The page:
Not really because when I started out it was just about the fame, the attention and just being away from home on weekends, running away from chores but in 2013 after I finished my Matric (2012) I just thought about making a career out of it and honestly I did pray about, I worked hard and I knew that one day I would be where I am today.

And how has you dancing or you being a Pantsula dancer changed your life personally and maybe those around you too?

I could say that dancing Pantsula took me out of the streets because after I finished my Matric I couldn’t afford to further my studies, you know to go to university because I aspired to be an esterel scientist or a metallurgical engineer but I couldn’t due to financial constraints and then I went back to dancing so I could really say it really saved my life. And also being a Pantsula dancer has changed people’s perspectives, people in my community because now I’m a testimony to them that Pantsula is quite a really good culture and a good lifestyle that one can lead. And they can see from my successes that there’s a future in dancing and in dancing Pantsula.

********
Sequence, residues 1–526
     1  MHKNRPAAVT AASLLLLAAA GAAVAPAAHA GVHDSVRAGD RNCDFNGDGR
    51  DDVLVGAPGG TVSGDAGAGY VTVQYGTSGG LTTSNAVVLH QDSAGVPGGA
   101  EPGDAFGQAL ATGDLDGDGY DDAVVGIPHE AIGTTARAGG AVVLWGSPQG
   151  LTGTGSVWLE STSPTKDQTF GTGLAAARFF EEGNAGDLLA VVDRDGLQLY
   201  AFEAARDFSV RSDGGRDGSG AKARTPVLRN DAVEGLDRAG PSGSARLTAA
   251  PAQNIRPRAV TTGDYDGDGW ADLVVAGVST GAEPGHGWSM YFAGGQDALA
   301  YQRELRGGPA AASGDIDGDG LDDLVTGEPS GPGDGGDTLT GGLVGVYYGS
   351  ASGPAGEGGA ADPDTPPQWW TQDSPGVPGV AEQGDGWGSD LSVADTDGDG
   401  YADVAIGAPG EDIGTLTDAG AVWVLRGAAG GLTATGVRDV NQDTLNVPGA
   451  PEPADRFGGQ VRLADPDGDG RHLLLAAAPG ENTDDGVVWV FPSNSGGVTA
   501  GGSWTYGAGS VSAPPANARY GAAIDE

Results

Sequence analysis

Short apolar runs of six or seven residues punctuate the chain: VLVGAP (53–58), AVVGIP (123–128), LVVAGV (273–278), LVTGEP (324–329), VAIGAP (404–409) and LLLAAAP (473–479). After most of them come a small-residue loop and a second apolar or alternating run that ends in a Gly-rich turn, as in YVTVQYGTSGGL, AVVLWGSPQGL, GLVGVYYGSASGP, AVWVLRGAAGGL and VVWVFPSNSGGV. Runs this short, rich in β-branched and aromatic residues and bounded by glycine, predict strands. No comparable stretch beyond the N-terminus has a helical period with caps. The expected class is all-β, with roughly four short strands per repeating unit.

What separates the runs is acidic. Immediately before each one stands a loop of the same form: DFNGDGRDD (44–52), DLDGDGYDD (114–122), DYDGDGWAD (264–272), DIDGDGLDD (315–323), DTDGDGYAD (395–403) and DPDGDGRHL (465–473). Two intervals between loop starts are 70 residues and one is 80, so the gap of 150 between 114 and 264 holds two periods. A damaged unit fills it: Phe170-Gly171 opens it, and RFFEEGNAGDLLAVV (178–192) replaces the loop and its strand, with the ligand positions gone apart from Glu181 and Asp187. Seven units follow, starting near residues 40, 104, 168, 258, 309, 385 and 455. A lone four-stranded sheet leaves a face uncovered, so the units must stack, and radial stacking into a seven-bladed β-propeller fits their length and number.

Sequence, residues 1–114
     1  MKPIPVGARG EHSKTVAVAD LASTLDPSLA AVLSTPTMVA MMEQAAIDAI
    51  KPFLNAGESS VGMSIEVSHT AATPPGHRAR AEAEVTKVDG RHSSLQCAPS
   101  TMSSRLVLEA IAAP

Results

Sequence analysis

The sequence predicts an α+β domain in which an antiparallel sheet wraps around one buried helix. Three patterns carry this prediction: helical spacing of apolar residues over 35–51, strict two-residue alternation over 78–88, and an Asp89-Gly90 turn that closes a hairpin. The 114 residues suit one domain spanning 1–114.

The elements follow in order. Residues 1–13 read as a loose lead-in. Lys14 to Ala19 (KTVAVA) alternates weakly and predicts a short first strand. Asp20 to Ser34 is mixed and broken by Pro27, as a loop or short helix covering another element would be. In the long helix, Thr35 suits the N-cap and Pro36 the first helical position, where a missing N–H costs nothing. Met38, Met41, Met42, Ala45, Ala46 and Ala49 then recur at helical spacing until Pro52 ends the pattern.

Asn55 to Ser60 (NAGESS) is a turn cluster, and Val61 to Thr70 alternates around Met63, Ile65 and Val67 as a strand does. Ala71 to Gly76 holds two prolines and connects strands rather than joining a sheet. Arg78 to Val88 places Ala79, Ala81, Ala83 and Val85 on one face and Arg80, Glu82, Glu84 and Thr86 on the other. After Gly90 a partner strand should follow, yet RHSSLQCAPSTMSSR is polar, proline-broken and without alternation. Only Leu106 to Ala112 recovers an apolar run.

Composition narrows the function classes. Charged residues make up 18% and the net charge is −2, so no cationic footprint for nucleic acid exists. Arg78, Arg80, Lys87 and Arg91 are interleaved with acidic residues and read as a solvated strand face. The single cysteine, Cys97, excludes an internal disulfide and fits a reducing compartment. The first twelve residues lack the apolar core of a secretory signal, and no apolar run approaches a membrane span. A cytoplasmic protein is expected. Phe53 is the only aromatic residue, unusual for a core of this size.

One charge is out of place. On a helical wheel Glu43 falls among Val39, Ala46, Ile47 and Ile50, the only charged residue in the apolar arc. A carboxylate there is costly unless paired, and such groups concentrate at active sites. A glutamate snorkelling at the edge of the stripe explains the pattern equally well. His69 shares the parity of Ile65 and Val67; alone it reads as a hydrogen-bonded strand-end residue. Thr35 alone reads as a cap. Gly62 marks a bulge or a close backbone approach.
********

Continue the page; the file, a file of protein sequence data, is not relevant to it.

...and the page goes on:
Why do you think makes Pantsula a force of change?

Pantsula is a force of change because firstly it is indigenous in South Africa, we don’t have it anywhere else except in the borders of South Africa and I am a proud pioneer of Pantsula so it is a fire force battle because once you compete with Pantsula and let’s say you compete in South Africa and you have people from overseas, you’re actually the international standard you know? And if people from Europe want to learn Pantsula they look up to me… like how people look into overseas fro hip hop… yeah and I’m a proud patriot, service comrade of Pantsula.

END.

Nike is looking for the dopest dance crew this side of the hemisphere! Fire Force Battle will reveal the hottest crews on these Jozi streets. Enter by submitting a video on social media of you and your crew (minimum of 5 crew members over the ages of 16) using the hashtag #AllFor1JHB. The Fire Force Battle will take place at Sport Scene Sandton on the 12 October and the winners will perform on the main stage at Capsule Festival on the 26th of October. Come through and show your fire #AllFor1JHB